The Aga Khan University Graduate School of Media and Communications' Media Innovation Centre (MiC) has launched its latest report on media innovation in East Africa that sets out to examine factors at the organisational level that impact media viability.
Dubbed 'The State of Innovation and Media Viability in East Africa', the report specifically analysed eight major variables which include: newsroom structure and resources, media ownership and business models, organisational capacity, innovation culture, journalism culture, financial trends and results, content quality and COVID-19.
Termed as timely and informative, MiC's Interim Director, Clare Mogere, noted the importance of the project's role in carrying out such research that helps media houses understand the changing landscape.
“After six months of interviews, data analysis and interpretation, I am happy to announce the launch of this report. The report has come at a time of need to provide more information on the various areas that can help the media clearly understand the ever-changing landscape. Our mandate as the MiC, is to carry out such studies that will, in the long run, provide a supporting arm to the media industry," she said.
While highlighting some of the findings, Clare mentioned that the young generation is actively getting involved in the media sector as more media start-ups begin to spring up. She ties this to the need for MiC to support such start-ups through their incubation or acceleration process.
“Generally, the findings on age of the media indicate that the East African media sector is considerably young. Save for the print News Media Organisation that are predominantly 11 years and older, about 60% of TV, radio, digital and multimedia platforms have existed for 10 years or less. Young age of media firms may be a disadvantage in terms of lack of experience and high start-up failure rate, but studies have also shown that young media organisations experiment more with new areas and explore possible new business models without the added hurdle of undoing systems entrenched for decades. This clearly shows the need for an organisation like MiC that helps several media start-ups get on their feet," added Clare.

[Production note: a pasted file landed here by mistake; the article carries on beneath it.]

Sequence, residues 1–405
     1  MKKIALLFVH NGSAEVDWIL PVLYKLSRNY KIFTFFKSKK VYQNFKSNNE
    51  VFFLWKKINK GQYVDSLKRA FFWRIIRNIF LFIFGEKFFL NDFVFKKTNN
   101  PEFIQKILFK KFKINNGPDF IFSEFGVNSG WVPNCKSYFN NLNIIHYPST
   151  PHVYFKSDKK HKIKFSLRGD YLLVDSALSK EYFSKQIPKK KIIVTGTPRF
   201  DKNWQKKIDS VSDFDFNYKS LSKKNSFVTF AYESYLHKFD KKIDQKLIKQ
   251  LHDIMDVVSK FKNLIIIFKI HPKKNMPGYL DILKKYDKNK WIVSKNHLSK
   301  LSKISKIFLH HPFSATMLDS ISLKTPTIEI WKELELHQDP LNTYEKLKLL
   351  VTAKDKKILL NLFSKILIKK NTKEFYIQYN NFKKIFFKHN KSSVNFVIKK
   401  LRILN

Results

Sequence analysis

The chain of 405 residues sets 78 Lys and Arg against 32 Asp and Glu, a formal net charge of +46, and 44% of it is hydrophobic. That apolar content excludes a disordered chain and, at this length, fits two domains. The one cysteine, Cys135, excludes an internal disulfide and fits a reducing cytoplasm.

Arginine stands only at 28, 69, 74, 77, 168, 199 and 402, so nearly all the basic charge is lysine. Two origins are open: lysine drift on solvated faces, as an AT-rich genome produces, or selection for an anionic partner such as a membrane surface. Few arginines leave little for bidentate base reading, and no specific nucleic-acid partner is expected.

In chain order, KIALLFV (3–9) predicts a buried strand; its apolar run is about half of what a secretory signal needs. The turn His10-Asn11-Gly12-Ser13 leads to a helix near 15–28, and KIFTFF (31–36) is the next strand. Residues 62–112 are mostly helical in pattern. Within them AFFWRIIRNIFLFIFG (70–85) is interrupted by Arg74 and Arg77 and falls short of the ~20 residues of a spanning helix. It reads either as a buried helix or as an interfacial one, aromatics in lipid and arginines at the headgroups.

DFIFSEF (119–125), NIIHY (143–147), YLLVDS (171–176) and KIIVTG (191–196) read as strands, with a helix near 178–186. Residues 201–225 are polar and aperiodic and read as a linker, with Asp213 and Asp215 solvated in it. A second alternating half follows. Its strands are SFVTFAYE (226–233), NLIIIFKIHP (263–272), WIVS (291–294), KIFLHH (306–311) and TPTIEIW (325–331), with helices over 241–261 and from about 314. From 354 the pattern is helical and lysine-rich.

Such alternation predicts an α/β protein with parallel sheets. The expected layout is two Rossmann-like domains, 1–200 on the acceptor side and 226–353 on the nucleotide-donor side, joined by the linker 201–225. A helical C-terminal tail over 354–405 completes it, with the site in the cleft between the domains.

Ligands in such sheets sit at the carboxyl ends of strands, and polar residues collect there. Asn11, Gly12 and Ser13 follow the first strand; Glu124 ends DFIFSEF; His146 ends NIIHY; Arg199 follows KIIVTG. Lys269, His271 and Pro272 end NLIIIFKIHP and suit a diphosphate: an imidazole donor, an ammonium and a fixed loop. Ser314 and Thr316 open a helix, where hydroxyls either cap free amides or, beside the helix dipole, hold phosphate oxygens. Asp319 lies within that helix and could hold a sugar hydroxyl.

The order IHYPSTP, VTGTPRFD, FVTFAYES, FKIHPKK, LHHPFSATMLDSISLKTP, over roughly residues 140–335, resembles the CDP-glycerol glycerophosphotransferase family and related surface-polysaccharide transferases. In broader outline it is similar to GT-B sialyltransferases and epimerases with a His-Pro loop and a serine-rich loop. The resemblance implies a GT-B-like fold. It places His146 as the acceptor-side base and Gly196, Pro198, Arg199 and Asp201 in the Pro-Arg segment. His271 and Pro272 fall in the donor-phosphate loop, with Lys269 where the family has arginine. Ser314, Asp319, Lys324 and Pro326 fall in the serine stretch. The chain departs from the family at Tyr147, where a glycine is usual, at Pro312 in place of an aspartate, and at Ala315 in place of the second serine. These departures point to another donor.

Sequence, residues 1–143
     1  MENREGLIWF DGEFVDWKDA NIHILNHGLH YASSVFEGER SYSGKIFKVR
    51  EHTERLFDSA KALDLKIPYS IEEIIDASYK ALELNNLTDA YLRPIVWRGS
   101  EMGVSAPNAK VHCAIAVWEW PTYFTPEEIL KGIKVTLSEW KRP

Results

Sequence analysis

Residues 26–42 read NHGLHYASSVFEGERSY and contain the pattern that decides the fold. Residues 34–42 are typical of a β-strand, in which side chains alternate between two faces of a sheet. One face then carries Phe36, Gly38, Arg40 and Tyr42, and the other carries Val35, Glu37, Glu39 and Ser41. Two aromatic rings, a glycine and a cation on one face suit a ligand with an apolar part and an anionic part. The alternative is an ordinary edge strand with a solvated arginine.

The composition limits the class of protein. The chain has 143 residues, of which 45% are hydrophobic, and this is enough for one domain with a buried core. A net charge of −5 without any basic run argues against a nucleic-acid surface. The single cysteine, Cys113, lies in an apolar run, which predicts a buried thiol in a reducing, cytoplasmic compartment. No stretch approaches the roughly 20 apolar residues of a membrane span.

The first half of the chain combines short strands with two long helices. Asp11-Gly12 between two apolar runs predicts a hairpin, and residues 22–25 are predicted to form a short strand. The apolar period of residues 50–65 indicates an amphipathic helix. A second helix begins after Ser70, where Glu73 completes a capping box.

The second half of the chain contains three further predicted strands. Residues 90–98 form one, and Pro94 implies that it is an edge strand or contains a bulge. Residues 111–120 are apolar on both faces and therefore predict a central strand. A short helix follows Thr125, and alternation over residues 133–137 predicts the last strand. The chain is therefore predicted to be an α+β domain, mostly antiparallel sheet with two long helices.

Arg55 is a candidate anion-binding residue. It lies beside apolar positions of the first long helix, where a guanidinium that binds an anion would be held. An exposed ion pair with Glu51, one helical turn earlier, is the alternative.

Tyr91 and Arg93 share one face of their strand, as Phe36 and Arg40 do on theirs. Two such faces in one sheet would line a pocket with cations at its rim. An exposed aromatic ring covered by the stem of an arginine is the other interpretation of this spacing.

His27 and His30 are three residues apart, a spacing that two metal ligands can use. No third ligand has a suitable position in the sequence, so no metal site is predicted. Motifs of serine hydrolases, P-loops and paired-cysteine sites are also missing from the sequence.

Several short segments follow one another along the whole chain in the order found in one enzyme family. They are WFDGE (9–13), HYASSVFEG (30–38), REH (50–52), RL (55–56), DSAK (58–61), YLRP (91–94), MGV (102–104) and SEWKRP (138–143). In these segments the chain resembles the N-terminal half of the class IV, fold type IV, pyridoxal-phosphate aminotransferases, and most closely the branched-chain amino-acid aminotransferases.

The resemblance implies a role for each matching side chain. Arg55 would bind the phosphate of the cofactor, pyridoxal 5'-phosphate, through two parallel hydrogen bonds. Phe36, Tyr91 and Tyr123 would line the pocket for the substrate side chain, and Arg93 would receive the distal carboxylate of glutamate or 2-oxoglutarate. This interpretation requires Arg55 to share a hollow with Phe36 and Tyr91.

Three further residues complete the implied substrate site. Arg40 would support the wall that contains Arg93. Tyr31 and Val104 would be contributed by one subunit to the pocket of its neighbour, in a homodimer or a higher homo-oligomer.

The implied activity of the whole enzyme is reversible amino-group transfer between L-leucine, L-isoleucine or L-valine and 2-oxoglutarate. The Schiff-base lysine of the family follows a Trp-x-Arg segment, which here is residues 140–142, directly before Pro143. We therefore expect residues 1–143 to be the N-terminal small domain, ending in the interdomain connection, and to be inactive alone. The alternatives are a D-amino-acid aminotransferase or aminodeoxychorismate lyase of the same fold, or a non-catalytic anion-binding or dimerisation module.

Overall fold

State Department for Broadcasting and Telecommunications Principal Secretary (PS), Esther Koimett, lauded the MiC for taking strides in conducting research that support growth of media sector in East Africa.
“I note with satisfaction the good work done by MiC in supporting the media in East Africa by churning out reports and research outputs rooted in the rigors of scientific research. I am also reliably informed that in a few weeks the Graduate School of Media and Communications (GSMC) will be launching the findings of yet another study that focuses on the media consumption habits of millennials and digital natives. These are two very timely and important studies and the Media Futures East Africa Project that is making immense contributions in creating an informed society in East Africa."
GSMC's Interim Dean, Prof. Nancy Booker, reiterated the school's commitment to continue churning out research that seeks to critically understand the media landscape whilst teaching young journalists and senior media managers.
“I am delighted to see this day where scientifically based research is disseminated and discussed among peers, media scholars, media practitioners and students. We continue to serve journalists and the broader communications industry in East Africa, and beyond, as part of a university that straddles borders, cultures, and continents. We shall continue in our efforts to better journalists through our various programs such as Masters in Digital Journalism that hones the skills of young journalists in digital story telling."
The report data was gathered via an in-depth survey of media managers and journalists from a total of 437 media houses in Kenya, Uganda and Tanzania from 2020 to 2021. The report can be accessed here.